Paolo Naticchioni, Emiliano Rustichelli, Antonio Scialà

Employment Protection and Regional Worker Flows in Italy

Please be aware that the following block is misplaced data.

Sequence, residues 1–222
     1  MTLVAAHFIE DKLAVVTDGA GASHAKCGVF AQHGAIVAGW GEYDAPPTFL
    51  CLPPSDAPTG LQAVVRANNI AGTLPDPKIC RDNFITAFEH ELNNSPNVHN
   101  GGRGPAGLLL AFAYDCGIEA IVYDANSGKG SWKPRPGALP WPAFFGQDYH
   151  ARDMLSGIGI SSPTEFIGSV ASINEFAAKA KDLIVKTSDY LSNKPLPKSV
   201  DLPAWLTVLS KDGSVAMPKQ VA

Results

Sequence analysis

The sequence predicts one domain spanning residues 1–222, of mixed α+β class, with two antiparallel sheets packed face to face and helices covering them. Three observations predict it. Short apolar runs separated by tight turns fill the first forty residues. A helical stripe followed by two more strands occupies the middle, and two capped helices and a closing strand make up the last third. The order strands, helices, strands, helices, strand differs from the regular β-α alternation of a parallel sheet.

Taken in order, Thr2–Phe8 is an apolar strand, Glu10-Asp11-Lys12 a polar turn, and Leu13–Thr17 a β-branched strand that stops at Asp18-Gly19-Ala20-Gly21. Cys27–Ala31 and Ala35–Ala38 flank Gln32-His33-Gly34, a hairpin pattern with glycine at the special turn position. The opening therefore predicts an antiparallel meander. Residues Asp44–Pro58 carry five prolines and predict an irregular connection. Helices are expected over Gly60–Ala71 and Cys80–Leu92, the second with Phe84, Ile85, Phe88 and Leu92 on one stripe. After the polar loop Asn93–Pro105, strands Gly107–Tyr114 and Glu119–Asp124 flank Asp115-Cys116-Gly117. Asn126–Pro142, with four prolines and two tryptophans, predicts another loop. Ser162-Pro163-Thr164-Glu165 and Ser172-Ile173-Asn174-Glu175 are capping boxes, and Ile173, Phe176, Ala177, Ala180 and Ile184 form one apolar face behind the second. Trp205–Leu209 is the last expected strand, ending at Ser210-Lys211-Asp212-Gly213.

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In this paper we point out that the theoretical predictions concerning Employment Protection Legislation (EPL) are not fully confirmed by empirical evidence in Italy, a strict EPL country in the '90s, according to OECD indexes. In particular, worker and job flow rates are remarkably high, also in comparison with the other European countries. Furthermore, the differences in regional worker flow rates - computed on both the social security database and the LFS - are relevant, no matter which measure of worker flows is considered. While EPL is the same across regions, the highest worker flow rates are observed in the South, an area generally recognised as the least dynamic of the country, followed by the North-East, the Centre and the North-West. For possible alternative explanations of regional differences investigation focuses on economic structural composition, the black labour market, non-standard contracts, the public sector and self-employment incidence, labour productivity and firm seniority. Using Logit estimates we find that none of these factors can fully explain these differences. Moreover, the predicted negative relation between worker flows and unemployment duration does not seem to hold in the case of Italy.

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